5 Ways To Make Dinnertime More Fun

Dr. Delaney Ruston – There is an ingrained long-standing belief that dinner mainly needs to be about checking in with everyone about their day, and then, from there, people can bring up other topics. There is also a myth that this should be satisfying enough for everyone at the table.

The truth is some kids and teens get a bit frustrated or bored by dinnertime. I was speaking at length about this with a youth clinical psychologist the other day. She mentioned that young people give her various reasons why this is the case, such as some of them feeling like they are being interviewed during dinner, or worse, interrogated. 

I’ve spoken with other psychologists about this same topic. While we know that time spent as a family being light-hearted is key for closeness, many families go several weeks without much play or laughter. Scientifically we know that oxytocin, a chemical that acts as a neurotransmitter in the brain, is released during times of enjoyment with others, and helps strengthen feelings of belonging and love. 

Whether you have younger children or older teens, today, I propose ways to add some spice to your regular dinner routine. Even if everything is going fine and dandy, why not mix it up? I have included ones that my family has loved over the years.

Consider using “competition” and “reward” for your advantage — these can boost the excitement of the activities I write about today.

5 Ways To Make Dinnertime More Fun

1.“Guess My Tech” Have each person write on a piece of paper four things they enjoy doing that are internet-based and have them rank them the four —  1 is for liking the best, 2 is the second-best, etc.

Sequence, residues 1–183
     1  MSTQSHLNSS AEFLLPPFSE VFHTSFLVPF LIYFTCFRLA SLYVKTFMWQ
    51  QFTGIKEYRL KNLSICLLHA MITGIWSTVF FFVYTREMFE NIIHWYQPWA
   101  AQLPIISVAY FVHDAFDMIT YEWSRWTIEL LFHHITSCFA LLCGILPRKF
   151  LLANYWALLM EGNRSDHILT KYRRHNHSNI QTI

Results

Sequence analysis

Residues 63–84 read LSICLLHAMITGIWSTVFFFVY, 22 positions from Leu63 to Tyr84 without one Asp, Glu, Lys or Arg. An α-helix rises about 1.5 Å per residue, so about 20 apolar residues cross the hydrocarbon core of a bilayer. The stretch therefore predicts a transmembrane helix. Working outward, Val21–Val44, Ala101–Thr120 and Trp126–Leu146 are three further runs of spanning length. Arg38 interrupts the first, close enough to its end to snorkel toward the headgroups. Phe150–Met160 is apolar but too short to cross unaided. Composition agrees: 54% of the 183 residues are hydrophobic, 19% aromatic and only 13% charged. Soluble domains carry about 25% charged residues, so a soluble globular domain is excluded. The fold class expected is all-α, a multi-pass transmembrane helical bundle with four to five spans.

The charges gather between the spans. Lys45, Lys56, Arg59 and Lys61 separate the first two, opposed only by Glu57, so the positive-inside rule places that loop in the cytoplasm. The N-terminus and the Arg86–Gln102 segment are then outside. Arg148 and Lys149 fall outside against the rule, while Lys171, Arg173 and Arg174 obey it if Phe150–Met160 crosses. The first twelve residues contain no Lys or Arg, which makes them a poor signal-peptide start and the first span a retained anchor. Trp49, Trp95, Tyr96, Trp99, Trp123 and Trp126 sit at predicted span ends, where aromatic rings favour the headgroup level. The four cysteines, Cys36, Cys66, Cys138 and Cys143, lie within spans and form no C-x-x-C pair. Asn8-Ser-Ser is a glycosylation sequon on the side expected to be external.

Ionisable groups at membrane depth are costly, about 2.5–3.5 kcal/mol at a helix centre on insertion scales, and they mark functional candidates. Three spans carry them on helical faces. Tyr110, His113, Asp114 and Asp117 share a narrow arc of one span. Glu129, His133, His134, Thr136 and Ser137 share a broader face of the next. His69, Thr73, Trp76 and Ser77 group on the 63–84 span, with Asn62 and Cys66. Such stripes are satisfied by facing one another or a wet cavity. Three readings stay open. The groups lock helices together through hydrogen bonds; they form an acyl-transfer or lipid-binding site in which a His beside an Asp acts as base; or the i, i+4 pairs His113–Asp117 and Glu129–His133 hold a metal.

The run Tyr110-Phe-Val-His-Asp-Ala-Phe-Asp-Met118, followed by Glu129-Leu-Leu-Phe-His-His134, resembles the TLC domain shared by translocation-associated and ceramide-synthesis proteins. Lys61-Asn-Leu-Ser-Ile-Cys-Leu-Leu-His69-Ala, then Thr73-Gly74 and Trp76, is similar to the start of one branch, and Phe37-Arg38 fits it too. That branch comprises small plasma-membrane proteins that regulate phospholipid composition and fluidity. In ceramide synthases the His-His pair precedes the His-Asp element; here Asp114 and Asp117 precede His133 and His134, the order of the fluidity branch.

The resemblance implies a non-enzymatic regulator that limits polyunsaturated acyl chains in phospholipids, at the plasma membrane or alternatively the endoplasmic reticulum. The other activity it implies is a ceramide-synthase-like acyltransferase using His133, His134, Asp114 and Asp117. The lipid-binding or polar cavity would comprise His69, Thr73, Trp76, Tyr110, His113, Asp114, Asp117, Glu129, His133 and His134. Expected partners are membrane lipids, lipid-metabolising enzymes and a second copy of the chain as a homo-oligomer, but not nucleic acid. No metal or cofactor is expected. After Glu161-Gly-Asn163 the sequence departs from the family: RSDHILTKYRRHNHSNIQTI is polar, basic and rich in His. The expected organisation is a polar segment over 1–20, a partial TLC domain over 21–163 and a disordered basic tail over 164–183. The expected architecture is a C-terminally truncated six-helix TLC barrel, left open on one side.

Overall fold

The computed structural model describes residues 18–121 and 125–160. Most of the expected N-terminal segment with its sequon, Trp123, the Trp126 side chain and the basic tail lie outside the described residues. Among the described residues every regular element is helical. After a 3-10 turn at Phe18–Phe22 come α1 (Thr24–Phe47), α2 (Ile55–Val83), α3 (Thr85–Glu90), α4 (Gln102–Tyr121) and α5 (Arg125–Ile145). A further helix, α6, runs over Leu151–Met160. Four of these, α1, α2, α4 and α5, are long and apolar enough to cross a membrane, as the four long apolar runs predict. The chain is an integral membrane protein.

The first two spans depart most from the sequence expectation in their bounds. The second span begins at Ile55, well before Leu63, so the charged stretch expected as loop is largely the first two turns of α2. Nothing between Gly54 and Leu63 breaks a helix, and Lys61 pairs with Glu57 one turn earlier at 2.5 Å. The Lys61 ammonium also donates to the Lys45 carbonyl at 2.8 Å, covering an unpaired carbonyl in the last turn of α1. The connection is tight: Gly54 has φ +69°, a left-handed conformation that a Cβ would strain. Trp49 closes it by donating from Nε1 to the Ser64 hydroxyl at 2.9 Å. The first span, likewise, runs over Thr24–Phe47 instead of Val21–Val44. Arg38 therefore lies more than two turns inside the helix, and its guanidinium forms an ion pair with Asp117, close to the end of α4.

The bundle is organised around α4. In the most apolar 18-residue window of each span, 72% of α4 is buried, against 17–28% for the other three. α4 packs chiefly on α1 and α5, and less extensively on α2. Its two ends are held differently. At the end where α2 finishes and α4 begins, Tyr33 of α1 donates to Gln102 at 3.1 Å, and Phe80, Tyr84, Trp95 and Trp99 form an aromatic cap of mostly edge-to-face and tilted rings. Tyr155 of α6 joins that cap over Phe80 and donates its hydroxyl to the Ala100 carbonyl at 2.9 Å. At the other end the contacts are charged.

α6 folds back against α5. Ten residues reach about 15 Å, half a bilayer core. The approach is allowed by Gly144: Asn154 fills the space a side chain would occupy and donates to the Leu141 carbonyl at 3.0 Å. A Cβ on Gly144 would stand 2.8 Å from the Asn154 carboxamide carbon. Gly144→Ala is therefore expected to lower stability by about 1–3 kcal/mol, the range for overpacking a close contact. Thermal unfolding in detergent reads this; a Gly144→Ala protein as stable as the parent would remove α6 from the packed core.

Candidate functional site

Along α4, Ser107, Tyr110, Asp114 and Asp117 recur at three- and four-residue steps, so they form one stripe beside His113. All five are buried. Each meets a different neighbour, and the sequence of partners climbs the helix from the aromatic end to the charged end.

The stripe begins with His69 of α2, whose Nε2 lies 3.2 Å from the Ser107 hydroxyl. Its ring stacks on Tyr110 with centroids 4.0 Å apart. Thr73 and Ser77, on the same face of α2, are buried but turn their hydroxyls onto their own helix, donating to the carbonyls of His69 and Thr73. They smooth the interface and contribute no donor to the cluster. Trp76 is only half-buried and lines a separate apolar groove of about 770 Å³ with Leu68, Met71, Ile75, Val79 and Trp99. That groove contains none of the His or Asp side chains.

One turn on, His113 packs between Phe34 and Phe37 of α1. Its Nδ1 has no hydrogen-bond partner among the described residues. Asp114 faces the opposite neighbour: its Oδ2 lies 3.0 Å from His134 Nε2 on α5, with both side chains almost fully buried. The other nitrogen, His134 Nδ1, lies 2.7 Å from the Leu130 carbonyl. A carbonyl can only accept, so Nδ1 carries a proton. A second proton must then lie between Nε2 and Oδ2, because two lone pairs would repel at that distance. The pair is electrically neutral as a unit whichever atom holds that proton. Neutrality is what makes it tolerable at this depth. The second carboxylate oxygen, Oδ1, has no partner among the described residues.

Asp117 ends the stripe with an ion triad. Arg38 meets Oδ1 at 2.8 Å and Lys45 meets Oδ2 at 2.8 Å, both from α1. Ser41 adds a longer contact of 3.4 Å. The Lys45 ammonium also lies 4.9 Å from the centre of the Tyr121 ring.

For example, someone might write, watch videos of skateboarders, play Roblox, talk on a chat group with friends, and watch Ted Lasso. Everyone does this. Then a person reads their four things, and the others write down their guess of how the reader ranked the four things they wrote. 

Do this for everyone. See if anyone guesses the most correctly and if so, perhaps they get a prize like choosing a dessert. 

What I love about this game is that if you do it as part of your Screenagers Tech Talk Tuesday night, it reinforces one of the major strategies for successful Tech Talks, which is to start them with everyone saying something positive about tech — this helps dampen any defensiveness kids may have. (of course, your Tech Talks don’t actually have to be done on Tuesdays.)

2.“The Olden Days, True or False?” is another game I invented and is based on years of experiencing the bonding that happens when we, parents, take the time to talk about what we were like and what we used to do when we were younger. ( Ok, I know “The Olden Days” aren’t so old, but given the fact that some kids don’t even know what a dial-up phone is, that sure makes me feel old.) 

This is how you play this game: